According to Gartner Research, over 75% of ERP implementations fail.
In this White Paper, we look at why many ERP implementations fail to come close to their original objectives and often have large cost and schedule overruns. Then we examine how to fix the problem, without abandoning the ERP system.
The premise of implementing an ERP system is that it will provide a single system which will meet all of the information technology requirements of an organization provided that the organization is willing to reengineer its operations to be compatible with the methods used by the ERP system.
Most ERP systems are sold on the basis that, by adopting the methodology embodied in the ERP system, the organization will dramatically improve its operating efficiency and thus justify the large cost of implementing the ERP system.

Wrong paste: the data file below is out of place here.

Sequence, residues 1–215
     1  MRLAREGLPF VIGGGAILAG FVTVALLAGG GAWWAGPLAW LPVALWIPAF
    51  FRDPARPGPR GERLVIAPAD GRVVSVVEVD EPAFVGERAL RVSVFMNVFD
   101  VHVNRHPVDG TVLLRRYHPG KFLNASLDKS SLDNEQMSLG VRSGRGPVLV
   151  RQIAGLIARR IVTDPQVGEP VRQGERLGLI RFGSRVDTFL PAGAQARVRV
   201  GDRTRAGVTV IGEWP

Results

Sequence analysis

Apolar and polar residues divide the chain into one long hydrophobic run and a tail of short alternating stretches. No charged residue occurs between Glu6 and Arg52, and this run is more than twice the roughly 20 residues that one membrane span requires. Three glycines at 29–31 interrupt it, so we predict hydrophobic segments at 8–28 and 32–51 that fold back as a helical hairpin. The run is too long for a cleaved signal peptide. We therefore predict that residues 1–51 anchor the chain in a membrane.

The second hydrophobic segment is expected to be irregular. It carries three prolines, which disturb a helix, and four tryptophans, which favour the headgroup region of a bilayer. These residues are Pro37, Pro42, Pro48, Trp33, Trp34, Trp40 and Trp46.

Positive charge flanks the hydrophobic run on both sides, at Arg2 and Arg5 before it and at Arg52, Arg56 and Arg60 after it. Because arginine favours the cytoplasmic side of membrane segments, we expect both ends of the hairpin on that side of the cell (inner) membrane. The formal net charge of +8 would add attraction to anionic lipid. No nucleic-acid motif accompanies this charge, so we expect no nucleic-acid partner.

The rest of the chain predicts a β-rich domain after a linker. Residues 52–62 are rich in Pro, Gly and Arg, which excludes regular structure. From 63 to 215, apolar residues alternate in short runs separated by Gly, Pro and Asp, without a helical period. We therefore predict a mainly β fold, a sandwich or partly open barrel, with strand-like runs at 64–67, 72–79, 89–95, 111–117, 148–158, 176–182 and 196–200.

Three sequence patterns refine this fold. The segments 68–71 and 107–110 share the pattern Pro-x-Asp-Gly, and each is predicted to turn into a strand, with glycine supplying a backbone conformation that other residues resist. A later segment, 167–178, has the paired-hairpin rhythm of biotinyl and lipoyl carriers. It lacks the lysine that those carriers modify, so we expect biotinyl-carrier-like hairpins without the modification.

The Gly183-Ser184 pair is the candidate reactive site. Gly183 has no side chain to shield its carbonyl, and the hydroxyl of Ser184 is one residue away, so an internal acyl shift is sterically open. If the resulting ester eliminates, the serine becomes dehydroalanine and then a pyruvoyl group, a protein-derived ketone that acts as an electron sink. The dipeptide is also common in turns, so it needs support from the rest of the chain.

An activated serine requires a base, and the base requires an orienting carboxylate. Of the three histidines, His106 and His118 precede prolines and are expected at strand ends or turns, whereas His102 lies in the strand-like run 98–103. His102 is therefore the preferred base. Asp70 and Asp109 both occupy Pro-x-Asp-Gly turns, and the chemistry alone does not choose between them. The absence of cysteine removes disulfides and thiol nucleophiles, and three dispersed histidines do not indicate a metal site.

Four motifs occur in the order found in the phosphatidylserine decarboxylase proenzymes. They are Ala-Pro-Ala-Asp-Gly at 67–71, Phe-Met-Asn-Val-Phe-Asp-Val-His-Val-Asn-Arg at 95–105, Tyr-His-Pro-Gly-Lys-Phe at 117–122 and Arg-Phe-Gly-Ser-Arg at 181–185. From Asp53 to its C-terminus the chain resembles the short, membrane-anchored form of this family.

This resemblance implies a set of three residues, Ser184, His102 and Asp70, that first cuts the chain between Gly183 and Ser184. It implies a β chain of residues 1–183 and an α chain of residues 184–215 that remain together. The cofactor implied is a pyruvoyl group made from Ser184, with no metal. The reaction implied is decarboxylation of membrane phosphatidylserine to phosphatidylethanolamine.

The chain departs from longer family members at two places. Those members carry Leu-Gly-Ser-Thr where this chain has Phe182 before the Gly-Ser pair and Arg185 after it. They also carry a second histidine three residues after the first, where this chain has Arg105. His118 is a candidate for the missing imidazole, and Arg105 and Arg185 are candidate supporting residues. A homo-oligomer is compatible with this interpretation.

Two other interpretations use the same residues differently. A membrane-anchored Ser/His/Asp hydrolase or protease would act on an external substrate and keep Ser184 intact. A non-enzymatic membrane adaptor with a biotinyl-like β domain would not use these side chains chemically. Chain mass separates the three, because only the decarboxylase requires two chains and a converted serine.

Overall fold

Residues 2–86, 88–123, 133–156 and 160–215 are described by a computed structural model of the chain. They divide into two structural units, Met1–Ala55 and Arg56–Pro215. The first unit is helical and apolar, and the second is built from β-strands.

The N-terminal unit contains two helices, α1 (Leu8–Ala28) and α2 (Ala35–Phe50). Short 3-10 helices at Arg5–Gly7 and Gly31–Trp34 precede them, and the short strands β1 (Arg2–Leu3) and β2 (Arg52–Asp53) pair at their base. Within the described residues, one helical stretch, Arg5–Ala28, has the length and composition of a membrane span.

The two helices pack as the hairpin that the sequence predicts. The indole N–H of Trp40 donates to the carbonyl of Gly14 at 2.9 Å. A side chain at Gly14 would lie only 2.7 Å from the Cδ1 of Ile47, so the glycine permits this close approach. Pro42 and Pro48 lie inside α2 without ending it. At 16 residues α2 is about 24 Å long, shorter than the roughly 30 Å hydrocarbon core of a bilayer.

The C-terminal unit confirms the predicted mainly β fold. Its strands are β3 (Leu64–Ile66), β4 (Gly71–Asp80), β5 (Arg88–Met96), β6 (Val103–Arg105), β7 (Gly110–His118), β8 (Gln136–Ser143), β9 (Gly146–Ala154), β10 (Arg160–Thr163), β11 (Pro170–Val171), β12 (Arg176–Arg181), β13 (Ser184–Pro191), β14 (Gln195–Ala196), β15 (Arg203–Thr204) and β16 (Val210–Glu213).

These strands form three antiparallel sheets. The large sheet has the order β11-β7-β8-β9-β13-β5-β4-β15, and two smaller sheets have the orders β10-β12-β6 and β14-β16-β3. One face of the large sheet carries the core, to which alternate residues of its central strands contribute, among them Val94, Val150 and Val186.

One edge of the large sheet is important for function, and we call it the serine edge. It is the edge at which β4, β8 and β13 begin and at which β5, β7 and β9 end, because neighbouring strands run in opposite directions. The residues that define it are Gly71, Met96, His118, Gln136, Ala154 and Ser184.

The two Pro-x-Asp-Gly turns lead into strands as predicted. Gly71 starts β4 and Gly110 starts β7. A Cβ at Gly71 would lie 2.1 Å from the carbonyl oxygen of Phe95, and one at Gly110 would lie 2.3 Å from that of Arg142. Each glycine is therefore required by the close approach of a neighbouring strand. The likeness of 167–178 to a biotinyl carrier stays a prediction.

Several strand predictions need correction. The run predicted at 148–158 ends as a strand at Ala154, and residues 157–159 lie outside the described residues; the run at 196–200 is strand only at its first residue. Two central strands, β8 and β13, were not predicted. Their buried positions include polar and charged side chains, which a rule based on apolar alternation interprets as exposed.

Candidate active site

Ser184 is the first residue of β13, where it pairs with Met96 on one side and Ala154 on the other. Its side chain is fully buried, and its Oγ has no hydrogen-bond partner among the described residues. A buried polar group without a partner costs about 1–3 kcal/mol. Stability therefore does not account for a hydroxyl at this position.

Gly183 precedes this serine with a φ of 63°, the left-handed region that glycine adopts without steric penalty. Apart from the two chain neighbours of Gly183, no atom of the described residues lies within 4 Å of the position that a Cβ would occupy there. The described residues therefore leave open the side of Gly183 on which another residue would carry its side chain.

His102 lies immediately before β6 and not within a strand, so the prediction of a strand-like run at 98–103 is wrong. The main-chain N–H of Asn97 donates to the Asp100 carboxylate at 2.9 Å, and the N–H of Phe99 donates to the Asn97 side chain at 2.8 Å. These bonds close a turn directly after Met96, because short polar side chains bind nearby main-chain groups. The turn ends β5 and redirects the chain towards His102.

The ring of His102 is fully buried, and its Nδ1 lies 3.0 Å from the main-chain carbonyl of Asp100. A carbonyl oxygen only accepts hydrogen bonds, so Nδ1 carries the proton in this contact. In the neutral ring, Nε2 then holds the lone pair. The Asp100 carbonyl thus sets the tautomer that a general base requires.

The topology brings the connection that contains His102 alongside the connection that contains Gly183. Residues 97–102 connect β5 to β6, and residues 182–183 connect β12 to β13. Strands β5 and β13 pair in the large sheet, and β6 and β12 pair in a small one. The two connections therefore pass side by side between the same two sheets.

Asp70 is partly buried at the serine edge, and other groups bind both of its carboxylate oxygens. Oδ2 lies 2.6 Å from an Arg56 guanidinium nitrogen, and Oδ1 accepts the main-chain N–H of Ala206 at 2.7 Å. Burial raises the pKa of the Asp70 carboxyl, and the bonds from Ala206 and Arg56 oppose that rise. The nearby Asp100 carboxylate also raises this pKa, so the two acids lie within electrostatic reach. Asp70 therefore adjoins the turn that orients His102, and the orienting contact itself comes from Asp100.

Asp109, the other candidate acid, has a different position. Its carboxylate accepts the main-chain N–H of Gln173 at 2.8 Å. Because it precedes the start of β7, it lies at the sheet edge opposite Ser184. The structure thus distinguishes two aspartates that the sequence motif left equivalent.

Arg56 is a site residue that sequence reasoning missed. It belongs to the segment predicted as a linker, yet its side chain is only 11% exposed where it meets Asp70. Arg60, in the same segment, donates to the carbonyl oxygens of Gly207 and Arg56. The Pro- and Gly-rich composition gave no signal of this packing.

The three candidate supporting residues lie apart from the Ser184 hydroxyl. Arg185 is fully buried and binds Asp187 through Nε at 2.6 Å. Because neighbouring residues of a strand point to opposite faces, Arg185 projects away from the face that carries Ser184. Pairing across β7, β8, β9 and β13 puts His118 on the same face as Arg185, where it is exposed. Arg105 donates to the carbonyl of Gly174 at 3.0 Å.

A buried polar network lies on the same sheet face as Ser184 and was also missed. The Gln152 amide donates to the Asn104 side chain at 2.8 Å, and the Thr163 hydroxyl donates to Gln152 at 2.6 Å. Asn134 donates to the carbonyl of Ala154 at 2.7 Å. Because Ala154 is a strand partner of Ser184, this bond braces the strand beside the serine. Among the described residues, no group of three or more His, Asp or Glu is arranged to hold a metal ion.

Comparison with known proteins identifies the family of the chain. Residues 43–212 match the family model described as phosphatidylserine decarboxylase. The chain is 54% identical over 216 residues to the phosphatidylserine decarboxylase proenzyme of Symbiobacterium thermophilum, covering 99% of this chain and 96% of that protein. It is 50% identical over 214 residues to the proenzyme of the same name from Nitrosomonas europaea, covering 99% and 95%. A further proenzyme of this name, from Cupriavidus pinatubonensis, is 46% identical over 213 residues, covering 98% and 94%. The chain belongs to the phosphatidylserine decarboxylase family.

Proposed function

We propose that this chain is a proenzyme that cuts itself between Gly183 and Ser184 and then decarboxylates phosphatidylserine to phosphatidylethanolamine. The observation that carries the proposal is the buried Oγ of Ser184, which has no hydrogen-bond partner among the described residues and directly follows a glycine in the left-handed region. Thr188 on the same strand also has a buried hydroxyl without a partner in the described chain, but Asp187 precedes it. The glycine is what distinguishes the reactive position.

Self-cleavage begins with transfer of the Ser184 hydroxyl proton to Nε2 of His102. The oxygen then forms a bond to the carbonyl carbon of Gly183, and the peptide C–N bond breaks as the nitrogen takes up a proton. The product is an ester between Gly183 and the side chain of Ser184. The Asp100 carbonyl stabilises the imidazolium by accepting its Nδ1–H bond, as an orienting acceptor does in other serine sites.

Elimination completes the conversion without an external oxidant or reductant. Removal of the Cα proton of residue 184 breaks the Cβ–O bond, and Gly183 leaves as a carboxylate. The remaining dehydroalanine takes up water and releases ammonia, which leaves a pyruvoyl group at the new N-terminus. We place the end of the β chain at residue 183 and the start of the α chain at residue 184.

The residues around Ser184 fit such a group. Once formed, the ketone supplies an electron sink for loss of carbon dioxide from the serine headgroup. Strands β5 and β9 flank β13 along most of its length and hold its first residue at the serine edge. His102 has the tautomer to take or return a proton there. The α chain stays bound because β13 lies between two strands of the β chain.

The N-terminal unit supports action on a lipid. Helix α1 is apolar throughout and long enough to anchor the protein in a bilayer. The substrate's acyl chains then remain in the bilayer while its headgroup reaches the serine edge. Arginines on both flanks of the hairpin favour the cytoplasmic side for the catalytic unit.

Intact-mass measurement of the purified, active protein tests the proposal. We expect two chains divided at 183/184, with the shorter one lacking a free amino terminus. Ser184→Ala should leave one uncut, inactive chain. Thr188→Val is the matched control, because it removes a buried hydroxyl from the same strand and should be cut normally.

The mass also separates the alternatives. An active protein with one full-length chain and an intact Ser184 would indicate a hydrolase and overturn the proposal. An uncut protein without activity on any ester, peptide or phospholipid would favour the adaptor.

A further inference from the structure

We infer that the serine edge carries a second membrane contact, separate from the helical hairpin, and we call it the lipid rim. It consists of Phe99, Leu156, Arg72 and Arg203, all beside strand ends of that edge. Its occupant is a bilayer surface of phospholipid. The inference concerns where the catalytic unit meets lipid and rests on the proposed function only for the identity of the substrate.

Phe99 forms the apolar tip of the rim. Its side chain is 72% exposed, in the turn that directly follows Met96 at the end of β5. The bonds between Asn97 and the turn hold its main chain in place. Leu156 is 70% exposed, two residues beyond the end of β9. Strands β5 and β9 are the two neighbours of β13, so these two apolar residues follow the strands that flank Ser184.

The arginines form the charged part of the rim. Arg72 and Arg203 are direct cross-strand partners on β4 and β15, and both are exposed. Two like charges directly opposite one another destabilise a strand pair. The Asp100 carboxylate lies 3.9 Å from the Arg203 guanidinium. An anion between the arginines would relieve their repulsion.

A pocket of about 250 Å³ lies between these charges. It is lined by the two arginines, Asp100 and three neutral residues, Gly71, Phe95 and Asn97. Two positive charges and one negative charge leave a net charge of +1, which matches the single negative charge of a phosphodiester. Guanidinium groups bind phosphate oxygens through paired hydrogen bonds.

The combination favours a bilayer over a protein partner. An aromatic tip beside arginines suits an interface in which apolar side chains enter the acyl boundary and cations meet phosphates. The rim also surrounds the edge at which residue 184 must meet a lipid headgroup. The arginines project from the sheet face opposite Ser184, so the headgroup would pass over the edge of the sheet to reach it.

A fundamental premise of most ERP implementations is that the organization will change its operations to meet the requirements of the ERP system, which is where the fatal flaw often lies.
While accounting follows standard practices across a wide range of manufacturing organizations, their products, the methods used in production, and the organizational processes they use vary widely from one manufacturing organization to another, as these form the basis of their competitive differentiation.
As a result most ERP implementations are successful in accounting/finance but fail completely when it comes to integrating existing manufacturing processes.
To learn more about these issues and how to rescue a failed manufacturing ERP implementation (or avoid failure in the first place) please read "How to Fix a Failed ERP Implementation".